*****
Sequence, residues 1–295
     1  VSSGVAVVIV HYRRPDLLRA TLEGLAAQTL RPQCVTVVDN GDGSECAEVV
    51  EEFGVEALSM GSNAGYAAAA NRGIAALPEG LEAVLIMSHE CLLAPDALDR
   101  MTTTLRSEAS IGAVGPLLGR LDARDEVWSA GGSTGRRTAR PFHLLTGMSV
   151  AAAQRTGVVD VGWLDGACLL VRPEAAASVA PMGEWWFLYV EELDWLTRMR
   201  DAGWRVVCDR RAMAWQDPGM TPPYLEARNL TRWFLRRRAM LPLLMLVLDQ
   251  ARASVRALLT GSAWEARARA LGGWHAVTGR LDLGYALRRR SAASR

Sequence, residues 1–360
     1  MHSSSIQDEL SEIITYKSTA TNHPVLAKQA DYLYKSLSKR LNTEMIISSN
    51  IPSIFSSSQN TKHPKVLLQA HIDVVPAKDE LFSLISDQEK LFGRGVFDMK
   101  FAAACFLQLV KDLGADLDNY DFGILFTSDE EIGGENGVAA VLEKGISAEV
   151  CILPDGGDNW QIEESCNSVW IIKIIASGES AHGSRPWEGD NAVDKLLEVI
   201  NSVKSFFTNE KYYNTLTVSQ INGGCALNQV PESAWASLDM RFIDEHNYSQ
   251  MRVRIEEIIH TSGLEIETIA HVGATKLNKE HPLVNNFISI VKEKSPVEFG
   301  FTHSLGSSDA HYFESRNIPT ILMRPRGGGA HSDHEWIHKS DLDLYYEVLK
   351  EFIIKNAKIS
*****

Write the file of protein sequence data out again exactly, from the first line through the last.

Sequence, residues 1–295
     1  VSSGVAVVIV HYRRPDLLRA TLEGLAAQTL RPQCVTVVDN GDGSECAEVV
    51  EEFGVEALSM GSNAGYAAAA NRGIAALPEG LEAVLIMSHE CLLAPDALDR
   101  MTTTLRSEAS IGAVGPLLGR LDARDEVWSA GGSTGRRTAR PFHLLTGMSV
   151  AAAQRTGVVD VGWLDGACLL VRPEAAASVA PMGEWWFLYV EELDWLTRMR
   201  DAGWRVVCDR RAMAWQDPGM TPPYLEARNL TRWFLRRRAM LPLLMLVLDQ
   251  ARASVRALLT GSAWEARARA LGGWHAVTGR LDLGYALRRR SAASR

Sequence, residues 1–360
     1  MHSSSIQDEL SEIITYKSTA TNHPVLAKQA DYLYKSLSKR LNTEMIISSN
    51  IPSIFSSSQN TKHPKVLLQA HIDVVPAKDE LFSLISDQEK LFGRGVFDMK
   101  FAAACFLQLV KDLGADLDNY DFGILFTSDE EIGGENGVAA VLEKGISAEV
   151  CILPDGGDNW QIEESCNSVW IIKIIASGES AHGSRPWEGD NAVDKLLEVI
   201  NSVKSFFTNE KYYNTLTVSQ INGGCALNQV PESAWASLDM RFIDEHNYSQ
   251  MRVRIEEIIH TSGLEIETIA HVGATKLNKE HPLVNNFISI VKEKSPVEFG
   301  FTHSLGSSDA HYFESRNIPT ILMRPRGGGA HSDHEWIHKS DLDLYYEVLK
   351  EFIIKNAKIS